Furthering knowledge and improving the health service through the commissioning and development of hardware, software, and algorithms that process clinical, biomedical and associated business data.
It is difficult to imagine modern healthcare without the many medical devices, diagnostic machines and clinical ICT systems that are deeply embedded within it. From an MRI machine that generates diagnostic images to a clinical information system that stores ICU measurements; these complex pieces of engineering and technology are vital to ensuring healthcare data can be robustly captured and patient information sent to those who need it. Who ensures that this technology is appropriate and that data from it is used in the best way possible? If you’re from a physical sciences background and want to use technology to improve healthcare, then it could be you!
What do Clinical Informaticians in Physical Science do?
Clinical informaticians in Physical Science work with professionals in Medical Physics and Biomedical Engineering ensuring that these clinical IT systems and medical devices are safely commissioned and comply with information standards. In addition we write bespoke software to control specialist devices, model biological processes, and to investigate and manipulate data produced by medical devices and clinical systems. Some examples of work you may undertake and skills you would learn:
- Clinical software project management and development – being able to talk to stakeholders such as doctors, nurses, AHPs, ICT and other scientists about their needs, design a suitable technological solution and deliver on it. This could involve database design, web development, signal processing and many other aspects of software engineering and computer science. Additionally, you’ll develop management skills and the ability to tackle complex engineering problems in a systematic way.
- Analyse medical images/other data and explain to others – for example, write software that can aid with medical physics workflows such as assessing image quality or performing automatic segmentation. This could involve using advanced statistical techniques such as machine learning. You’ll also be expected to be able to explain your results to other professionals who may not have the same expertise so that they can make appropriate decisions.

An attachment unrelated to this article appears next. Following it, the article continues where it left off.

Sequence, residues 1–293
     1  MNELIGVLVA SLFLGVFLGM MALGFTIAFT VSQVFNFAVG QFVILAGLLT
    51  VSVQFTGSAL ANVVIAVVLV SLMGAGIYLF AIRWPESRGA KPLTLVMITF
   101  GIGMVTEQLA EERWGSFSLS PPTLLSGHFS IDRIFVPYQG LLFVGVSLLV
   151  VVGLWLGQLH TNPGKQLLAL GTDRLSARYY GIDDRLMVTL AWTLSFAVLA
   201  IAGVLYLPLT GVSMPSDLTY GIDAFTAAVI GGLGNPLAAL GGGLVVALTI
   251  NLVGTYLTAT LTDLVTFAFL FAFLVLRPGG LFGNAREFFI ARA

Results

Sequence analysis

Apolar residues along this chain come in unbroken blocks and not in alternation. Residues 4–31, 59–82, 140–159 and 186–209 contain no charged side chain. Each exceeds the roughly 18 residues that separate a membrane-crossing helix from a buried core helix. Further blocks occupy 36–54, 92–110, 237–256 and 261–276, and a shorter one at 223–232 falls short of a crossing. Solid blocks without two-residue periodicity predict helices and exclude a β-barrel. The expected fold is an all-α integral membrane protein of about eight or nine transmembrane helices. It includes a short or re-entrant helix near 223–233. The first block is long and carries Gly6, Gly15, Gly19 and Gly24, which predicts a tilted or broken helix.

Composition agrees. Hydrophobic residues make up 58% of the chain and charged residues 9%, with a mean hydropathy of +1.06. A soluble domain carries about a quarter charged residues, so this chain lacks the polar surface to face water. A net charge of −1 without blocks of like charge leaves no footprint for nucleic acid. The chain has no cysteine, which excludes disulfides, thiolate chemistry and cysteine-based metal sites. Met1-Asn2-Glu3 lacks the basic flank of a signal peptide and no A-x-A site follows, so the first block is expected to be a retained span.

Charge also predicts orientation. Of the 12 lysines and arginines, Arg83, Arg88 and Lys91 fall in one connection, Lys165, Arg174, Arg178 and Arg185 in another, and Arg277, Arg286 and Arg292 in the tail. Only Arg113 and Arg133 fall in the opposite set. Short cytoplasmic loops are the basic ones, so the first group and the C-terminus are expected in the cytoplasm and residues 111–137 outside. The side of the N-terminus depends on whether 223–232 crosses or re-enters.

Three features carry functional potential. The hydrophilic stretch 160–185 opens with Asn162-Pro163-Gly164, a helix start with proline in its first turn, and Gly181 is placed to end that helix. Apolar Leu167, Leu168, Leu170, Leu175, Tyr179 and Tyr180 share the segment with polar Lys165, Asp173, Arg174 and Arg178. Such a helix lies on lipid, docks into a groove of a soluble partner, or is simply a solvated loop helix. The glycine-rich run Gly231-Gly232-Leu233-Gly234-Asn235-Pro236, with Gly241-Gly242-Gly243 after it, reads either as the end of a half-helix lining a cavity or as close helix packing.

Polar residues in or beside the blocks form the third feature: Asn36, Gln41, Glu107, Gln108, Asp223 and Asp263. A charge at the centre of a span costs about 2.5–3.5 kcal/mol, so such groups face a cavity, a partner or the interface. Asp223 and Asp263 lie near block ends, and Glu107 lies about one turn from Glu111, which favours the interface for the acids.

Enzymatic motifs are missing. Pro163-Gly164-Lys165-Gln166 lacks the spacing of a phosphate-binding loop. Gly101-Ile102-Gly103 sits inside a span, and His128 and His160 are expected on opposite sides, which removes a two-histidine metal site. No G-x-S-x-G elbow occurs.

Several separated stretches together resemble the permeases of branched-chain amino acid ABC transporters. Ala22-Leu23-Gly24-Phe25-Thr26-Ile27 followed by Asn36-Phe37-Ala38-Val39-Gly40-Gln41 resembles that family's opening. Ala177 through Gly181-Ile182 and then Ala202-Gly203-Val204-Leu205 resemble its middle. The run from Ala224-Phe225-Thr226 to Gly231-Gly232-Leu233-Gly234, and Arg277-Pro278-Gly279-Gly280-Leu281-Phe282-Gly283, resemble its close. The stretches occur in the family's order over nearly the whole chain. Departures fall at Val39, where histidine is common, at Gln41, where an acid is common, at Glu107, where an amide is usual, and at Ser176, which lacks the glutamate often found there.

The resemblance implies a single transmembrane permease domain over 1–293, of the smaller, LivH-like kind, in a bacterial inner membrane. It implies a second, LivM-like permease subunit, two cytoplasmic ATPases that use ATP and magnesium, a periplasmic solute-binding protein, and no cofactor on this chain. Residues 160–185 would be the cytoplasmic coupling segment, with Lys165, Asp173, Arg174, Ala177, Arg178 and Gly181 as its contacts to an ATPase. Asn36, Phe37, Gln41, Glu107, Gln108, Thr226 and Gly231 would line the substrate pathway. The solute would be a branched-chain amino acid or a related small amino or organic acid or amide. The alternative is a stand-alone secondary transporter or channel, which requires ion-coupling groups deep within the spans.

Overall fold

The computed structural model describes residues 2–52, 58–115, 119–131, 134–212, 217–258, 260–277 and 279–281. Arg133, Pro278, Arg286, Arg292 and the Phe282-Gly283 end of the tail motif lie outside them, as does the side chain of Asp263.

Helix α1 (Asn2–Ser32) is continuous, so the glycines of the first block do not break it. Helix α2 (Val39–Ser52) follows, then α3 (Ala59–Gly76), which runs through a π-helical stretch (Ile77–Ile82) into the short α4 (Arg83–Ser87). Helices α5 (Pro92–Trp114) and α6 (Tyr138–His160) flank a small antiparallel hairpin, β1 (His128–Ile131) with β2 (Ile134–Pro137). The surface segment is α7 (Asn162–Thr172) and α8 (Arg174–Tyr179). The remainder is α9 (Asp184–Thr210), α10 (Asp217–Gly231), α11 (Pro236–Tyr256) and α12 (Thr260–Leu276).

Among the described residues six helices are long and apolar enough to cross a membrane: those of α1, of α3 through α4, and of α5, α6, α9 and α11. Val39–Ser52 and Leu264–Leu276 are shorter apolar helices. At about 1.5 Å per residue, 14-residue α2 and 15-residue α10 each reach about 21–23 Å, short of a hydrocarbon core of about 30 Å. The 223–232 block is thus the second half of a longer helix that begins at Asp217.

- Manage the introduction of new medical equipment and assess their safety – the introduction of new clinical ICT systems, especially those that are medical devices, may require input from clinical informaticians. You may be involved in installation and risk management activities such as setting up servers and liaising with users about clinical ICT safety issues.
You may be thinking that aspects of some of these seem similar to bits of Clinical Bioinformatics – Health Informatics and even Clinical Bioinformatics – Genomics, and you would be right. Nothing in healthcare exists in a bubble and many of the most interesting challenges are at the interface of disciplines and departments. Whilst you’ll most likely be working in a Medical Physics and/or Biomedical Engineering department with imaging and medical device data you may find opportunities that cross over with Genomics and Health Informatics to combine data from different modalities to generate interesting insights leading to personalised care for patients and operational improvements; part of the STP experience is seizing opportunities where you find them.
It’s important to note that we’re still a relatively new specialism so there’s a fair degree of variability in what exactly you’ll do based on where you’re placed, so my advice would be to reach out to departments that you’re interested in to see where their focus is. You’ll fulfil the same competencies wherever you’re placed, but the projects you do and technologies you’re exposed to could vary dramatically.
How Does the STP Prepare You?